Complications were observed after this surgery (14, 15). The most common ones were:

  • Infection/necrosis (36.9%)
  • Self-mutilation (20.2%)
  • Increased aggression (8.3%)
  • Attack by other dogs (5.4%)
  • Nervous signs (2.8%)
  • Increased tendency to sleep (1.8%)

Infections were common when no hygienic and sterile conditions were guaranteed.

In addition, there may also be problems with healing, leaving the wound at risk of continuous opening.

Other chronic health issues observed were degenerated pelvic muscle and risks for phrenic muscle integrity, as well as increased perineal hernia (2, 16).

Finally, cosmetic tail surgery in dogs resulted in muscle atrophy (muscle mass weakening), which can then lead to fecal incontinence.

Several cases in the past have also manifested in urinary incontinence (14, 15).

4. Locomotion Problems

Serving as continuity of the dog's spine, their tail is composed of vertebrae and other important tissues to keep the animal’s balance (17).

When running, turning and making certain movements, a dog needs the tail, which acts as the “helm of the ship.”

It has been observed that most animal species that require speed and agility have a tail, so it might represent an evolutionary advantage.

Other than physiological pain during the procedure, another argument against tail cutting in dogs is related to these post-operative locomotion problems, a dog's behavior, and neurobiological parameters that are negatively affected (18).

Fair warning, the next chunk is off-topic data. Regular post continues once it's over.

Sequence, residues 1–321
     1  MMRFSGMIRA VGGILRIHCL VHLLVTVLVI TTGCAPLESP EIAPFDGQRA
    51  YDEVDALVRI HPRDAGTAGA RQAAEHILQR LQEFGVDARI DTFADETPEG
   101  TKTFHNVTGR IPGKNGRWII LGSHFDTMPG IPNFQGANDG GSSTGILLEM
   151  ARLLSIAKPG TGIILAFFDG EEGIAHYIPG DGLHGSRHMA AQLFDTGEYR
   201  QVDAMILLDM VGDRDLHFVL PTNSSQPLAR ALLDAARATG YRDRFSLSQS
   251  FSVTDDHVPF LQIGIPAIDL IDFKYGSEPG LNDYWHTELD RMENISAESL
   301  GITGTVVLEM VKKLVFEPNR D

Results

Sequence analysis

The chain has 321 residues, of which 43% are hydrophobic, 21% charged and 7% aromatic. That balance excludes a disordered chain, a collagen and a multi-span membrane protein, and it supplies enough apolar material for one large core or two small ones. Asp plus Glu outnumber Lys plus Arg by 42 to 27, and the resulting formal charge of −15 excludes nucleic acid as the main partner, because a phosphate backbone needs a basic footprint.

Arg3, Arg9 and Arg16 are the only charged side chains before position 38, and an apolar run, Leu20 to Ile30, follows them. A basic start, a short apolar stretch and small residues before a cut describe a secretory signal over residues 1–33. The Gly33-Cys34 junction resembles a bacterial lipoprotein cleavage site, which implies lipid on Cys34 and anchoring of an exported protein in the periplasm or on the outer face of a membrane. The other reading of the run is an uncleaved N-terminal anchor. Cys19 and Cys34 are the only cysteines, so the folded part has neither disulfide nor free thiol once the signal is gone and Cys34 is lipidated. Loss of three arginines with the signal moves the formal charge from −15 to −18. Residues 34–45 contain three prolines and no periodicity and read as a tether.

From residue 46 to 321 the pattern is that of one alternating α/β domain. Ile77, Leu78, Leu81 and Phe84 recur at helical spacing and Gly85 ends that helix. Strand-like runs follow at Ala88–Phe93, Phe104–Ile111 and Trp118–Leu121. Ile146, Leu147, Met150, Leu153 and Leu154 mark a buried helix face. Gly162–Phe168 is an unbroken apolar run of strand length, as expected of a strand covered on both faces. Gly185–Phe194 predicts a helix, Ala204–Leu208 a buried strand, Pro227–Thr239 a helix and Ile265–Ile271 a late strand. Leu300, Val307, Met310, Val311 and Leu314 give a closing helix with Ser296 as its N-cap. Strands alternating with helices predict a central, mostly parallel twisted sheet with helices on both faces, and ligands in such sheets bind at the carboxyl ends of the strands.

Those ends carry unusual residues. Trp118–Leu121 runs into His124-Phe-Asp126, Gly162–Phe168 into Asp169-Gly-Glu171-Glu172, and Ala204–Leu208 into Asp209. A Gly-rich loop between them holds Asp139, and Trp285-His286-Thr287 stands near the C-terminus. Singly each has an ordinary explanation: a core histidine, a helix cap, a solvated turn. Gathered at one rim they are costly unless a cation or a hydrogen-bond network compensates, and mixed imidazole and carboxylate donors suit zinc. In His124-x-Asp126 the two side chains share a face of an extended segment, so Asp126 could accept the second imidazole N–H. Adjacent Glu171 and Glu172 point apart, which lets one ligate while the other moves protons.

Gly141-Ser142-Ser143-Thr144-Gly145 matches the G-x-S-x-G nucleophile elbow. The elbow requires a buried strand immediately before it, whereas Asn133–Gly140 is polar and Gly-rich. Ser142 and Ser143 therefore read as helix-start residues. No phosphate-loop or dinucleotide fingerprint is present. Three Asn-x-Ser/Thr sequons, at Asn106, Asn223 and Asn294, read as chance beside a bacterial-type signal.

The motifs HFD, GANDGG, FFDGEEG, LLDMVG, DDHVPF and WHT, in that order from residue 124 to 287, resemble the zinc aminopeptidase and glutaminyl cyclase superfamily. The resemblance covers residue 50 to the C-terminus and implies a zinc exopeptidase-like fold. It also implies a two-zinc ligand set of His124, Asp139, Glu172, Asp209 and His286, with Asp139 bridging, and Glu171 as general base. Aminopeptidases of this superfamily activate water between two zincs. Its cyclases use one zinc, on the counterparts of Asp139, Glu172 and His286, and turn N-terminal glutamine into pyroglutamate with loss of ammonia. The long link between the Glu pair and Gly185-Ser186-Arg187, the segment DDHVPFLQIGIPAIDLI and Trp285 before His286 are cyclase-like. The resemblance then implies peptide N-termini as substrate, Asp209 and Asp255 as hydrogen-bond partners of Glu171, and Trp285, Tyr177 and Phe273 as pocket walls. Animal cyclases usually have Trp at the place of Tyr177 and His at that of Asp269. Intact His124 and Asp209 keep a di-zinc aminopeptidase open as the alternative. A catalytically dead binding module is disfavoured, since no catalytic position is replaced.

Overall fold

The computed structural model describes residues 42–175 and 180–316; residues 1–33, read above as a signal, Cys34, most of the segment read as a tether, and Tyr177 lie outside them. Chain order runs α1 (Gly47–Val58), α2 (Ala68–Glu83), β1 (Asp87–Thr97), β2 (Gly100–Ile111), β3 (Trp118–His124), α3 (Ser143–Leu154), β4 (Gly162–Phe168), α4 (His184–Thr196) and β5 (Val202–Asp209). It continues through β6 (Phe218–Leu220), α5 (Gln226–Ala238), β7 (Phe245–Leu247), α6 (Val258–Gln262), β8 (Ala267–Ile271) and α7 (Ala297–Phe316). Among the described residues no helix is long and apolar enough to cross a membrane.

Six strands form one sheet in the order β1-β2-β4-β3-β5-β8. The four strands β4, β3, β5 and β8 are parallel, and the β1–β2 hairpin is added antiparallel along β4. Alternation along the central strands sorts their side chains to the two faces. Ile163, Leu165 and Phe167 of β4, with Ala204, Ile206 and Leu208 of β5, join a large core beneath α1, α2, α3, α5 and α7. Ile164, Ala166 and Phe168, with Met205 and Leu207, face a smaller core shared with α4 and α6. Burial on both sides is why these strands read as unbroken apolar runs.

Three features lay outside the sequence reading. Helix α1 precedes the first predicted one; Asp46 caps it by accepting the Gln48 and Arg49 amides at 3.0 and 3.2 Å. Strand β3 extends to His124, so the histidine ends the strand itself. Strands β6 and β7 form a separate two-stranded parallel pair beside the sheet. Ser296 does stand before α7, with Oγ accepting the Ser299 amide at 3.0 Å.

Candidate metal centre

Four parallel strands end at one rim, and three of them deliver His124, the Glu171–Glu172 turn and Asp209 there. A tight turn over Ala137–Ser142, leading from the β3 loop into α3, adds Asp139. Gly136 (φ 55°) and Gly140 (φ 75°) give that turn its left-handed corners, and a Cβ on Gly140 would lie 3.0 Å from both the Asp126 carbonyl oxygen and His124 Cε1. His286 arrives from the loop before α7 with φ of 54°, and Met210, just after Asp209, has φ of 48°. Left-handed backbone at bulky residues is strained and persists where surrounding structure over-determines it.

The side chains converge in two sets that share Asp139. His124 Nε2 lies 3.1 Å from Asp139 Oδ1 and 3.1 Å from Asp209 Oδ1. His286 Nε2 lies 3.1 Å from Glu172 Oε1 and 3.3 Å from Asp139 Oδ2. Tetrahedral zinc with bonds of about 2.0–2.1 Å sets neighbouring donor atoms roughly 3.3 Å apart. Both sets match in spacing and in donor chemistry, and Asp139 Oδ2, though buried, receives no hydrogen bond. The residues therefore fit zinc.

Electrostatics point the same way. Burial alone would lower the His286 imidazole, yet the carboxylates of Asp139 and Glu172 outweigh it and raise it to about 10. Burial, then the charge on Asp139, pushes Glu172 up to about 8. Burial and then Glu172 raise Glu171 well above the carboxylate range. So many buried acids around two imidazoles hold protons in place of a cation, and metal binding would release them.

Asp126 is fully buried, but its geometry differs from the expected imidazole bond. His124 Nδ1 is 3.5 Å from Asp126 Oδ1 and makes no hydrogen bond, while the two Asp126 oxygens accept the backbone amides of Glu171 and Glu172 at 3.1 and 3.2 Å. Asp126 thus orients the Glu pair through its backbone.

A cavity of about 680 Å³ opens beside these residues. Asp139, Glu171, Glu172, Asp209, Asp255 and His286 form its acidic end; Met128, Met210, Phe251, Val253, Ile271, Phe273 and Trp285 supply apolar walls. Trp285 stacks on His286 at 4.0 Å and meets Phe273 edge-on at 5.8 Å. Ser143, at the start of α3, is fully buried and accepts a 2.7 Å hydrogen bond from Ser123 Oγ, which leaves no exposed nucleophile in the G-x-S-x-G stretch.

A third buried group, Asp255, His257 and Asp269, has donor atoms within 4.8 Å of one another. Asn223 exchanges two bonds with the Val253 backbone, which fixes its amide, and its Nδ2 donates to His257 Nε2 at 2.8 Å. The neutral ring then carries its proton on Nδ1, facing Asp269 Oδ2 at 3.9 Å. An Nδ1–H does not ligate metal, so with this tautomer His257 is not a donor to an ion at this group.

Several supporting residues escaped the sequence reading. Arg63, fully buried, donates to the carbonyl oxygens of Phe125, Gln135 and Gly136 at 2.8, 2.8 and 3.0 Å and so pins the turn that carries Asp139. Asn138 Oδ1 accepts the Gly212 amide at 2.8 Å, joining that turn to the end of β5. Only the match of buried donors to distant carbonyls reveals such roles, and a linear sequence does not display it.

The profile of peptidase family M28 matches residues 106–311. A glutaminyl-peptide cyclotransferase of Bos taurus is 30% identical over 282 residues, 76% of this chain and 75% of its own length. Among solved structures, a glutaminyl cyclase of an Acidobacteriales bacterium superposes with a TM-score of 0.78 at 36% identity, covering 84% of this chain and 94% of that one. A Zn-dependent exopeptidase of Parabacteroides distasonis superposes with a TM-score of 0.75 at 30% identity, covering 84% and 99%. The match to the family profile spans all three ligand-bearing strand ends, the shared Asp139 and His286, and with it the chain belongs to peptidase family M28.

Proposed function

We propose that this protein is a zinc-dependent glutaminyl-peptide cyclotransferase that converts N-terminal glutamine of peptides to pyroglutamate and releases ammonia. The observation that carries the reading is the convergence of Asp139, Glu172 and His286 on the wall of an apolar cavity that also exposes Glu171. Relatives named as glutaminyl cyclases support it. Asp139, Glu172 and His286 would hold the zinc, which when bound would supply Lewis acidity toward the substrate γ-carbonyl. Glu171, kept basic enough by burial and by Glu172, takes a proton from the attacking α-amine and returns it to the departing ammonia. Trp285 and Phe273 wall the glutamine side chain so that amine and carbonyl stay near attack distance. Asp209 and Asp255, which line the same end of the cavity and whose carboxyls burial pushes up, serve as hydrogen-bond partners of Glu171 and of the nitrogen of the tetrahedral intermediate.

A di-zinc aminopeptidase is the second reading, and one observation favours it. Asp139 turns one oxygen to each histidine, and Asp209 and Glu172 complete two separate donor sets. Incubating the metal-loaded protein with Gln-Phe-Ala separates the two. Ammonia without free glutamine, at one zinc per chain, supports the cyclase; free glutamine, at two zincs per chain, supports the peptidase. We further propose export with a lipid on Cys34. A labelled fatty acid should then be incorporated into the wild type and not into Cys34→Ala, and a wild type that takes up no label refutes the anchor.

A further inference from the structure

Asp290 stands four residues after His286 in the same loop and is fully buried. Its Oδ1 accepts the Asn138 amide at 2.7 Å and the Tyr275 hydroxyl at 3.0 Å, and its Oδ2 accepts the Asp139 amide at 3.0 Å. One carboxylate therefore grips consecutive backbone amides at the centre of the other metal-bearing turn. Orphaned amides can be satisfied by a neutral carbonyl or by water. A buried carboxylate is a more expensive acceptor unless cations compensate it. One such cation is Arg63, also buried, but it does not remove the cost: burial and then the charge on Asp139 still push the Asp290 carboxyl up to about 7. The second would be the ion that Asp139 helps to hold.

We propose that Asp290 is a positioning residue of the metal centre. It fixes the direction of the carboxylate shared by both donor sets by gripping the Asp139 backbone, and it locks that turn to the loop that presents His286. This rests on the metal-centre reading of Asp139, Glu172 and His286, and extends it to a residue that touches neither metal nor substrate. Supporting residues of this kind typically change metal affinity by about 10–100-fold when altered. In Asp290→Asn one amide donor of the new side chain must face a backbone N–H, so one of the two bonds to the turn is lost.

5. Socialization Difficulties

Along with oral communication (barking, grunting, groaning), the dog is able to send messages to their peers using tail movement, which transmits key information for a dog seeking to socialize with other dogs (19, 20, 21).

A dog's tail motion and positioning indicate to other dogs whether the tail owner is friendly, or fearful, or playful, and their state of aggression, submission or dominance (22, 23).

Canines without a tail are at a social disadvantage, and it has been studied that they can exhibit compensatory behaviors, such as the movement of their rear and being able to generate “misunderstanding” with other animals of the same breed.

Studies also show that dogs with docked tails tend to be more aggressive (22, 24).

Dogs on the receiving end are also at a disadvantage here because they can't properly understand the signals from a tail-docked dog (20).

It also affects a dog's communication with humans.

For example, children may be afraid of dogs without a tail because they associate a “tail wagging” movement with the animal being happy, and the absence of it might be interpreted as the animal being angry.

Effects of Tail Docking in Dogs: What Veterinary Organizations Are Saying

With the exception of specific cases where the health of the dog is affected (tail fracture, tumor removal, or complex injuries), the amputation of the dog's tail does not have medical purposes to support it.

It is a merely aesthetic procedure, and vets continue to fight against it.

In August 2011, the World Small Animal Veterinary Association (WSAVA) – formed by 57 international associations of veterinarians with 55,000 members from 50 countries – issued a statement at their General Assembly with the key points as follows: